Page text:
Culture Magazine

Goethe, Gounod, and Faust

By Singingscholar @singingscholar
"French composers love those German sufferers that then they can bring to joy." --Jonas Kaufmann (Opera News interview, 2011)
"Die unbegreiflich hohen Werke / sind herrlich wie am ersten Tag." - Faust 249-250

Goethe, Gounod, and Faust

Delacroix, "Mephistopheles devant Faust," 1826

Gounod's Faust was the first work performed at the Metropolitan Opera House, in 1883. The 1859 opera enjoyed an almost unrivaled popularity in the late nineteenth and early twentieth centuries; George Bernard Shaw famously complained that a professional critic in London had to spend approximately a decade of a twelve-year career listening to Faust, and that he himself had been nearly blinded by prolonged exposure to Mephistopheles' red spotlight (his full Faust-assessment can be found in this book.) In Gaston Leroux' Phantom of the Opera, Faust is the opera chosen to represent both vocal virtuosity and dangerous sensuality (a connection emphasized in this film adaptation.) In Jean Renoir's film about WWI, Grand Illusion
, it is presented as plausible that "Anges Purs" would be known by every French officer. Critical interpretations of the opera often cluster around the question: how did Faust achieve such status?
Peter Conrad, in A Song of Love and Death, has called Faust the opera glorifying Mammon, proclaiming in savage triumph that the golden calf still stands. In this interpretation, petty bourgeois society provides the determining social framework--materially ambitious, hypocritically moralistic. In this interpretation, Faust's new identity as a voluptuary determines the character of the opera. Operatic Subjects, likewise, sees Mephistopheles as fully at home in the world which professes to scorn and fear him, "un vrai gentilhomme." Sandra Corse interprets the Church Scene as one in which the judgment of the clergy and society is filtered through Marguerite's disturbed psyche to appear before the audience as the gloating of the devil and his minions. (An intriguing idea indeed; not one that has been staged, as far as I know.) Steven Huebner, on the other hand (in The Operas of Charles Gounod) sees a contrast drawn between the intolerance of Valentin in judging Marguerite and the compassion of the bystanders.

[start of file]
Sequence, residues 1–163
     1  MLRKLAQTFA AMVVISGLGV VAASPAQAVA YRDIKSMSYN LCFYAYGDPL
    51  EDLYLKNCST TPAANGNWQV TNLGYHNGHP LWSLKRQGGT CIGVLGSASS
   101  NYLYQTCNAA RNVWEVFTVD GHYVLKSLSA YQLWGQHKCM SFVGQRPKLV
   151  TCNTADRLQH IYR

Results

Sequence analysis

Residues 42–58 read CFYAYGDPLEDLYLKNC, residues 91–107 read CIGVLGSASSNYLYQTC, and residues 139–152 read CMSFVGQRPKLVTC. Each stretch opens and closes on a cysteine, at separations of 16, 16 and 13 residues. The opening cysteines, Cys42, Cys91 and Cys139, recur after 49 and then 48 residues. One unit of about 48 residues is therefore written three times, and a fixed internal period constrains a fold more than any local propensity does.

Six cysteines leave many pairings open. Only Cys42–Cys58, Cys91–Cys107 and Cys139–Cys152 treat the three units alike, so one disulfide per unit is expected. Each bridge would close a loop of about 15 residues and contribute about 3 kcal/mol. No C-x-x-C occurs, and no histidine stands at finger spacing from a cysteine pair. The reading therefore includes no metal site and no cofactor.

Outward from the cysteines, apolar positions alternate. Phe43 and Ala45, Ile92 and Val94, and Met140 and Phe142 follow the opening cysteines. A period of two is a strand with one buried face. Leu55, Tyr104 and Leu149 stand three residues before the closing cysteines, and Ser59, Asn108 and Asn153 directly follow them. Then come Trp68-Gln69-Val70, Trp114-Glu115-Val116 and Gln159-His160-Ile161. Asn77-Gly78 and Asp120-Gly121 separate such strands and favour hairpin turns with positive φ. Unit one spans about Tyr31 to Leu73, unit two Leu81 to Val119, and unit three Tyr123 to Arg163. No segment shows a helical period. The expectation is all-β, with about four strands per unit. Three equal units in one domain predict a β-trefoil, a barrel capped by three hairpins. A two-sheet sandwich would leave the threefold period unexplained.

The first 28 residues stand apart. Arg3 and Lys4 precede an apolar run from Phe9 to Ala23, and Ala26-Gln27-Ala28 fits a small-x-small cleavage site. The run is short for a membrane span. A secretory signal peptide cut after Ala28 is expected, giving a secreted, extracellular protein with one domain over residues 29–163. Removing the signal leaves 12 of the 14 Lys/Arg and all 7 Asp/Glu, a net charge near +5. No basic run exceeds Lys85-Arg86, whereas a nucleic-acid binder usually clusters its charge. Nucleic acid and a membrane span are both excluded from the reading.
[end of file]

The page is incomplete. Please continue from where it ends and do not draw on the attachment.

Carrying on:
Juergen Schlaeder notes that, in the years before 1830, Faust was appreciated in France as a complex and contradictory figure, a model for many who were, like the philosopher, determined to engage the world with received wisdom and personal experience, refusing indifference or blindness to the inner workings of society. Profound social and economic changes in the Second Empire, Schlaeder argues,  were reflected in the mid-century interpretations of Faust which made Marguerite central to the story (in performance, the opera was often known as "Marguerite," and in Gounod's drama, she is the least static of the characters.) The rise of a bourgeoisie bolstered by a consumer culture that was encouraged from the top of the political hierarchy contributed to a dangerous blending of monde and demi-monde, with ambition and anxiety never far apart. David McVicar's smart, sexy production for the ROH (DVD) acknowledges this, and presents both Valentin's career as a soldier and his rage at Marguerite's 'transgression' as stemming from anxieties about the social body. Corinna Herr also takes up this theme, examining Gretchen/Marguerite as the femme faible counterpart to Medea; the eighteenth- and nineteenth-century fascination with these characters on the operatic stage, Herr argues, stemmed largely from the fact that both their acts of infanticide could be rationalized within the context of the drama, violently contradicting Rousseau's theory of "the nature of women."
So why is Faust back? The relevance of its critique of consumerism could hardly be more apparent, of course, and the tragedies of jingoism are also very much with us ("Gloire immortelle de nos aïeux.") But there remains what, in German, is still called the Gretchenfrage: what about religion? An article in the November issue of Opera News asks plaintively what twenty-first century audiences are to make of Faust, when sin and salvation are, for a majority of the audience, assumed not to be a priority or preoccupation? Goethe asked nearly the same question. When a witch calls Mephistopheles Satan, he rebukes her: "That name was consigned to books of fairy tales long ago. But," he adds, "it didn't do humanity any good. They've freed themselves of the Evil One, but evil still is with them." (My own prose translation.) Surely that problem is still very much with us. Des McAnuff's Faust, in figuring the (anti-)hero as involved with the creation of the atom bomb, seems to me a promising concept. As Faust says in his opening monolog (my translation again): "So yes, I am wiser than all these vain men--doctors, professors, clerks and priests--and plagued by no doubts or scruples, fearing neither hell nor the Devil. But I have lost all joy; I harbor no delusions that I know what's right, or that I could teach anything that could convert people, or improve their lot." ...Damn. How this existential despair will sit with Gounod's music is another question, and reviews from the production's run at ENO tended to the conclusion that it didn't do so very well. But I'm trying to keep an open mind as I look forward to Tuesday: Gounod's Faust, starring a Goethe-quoting tenor.

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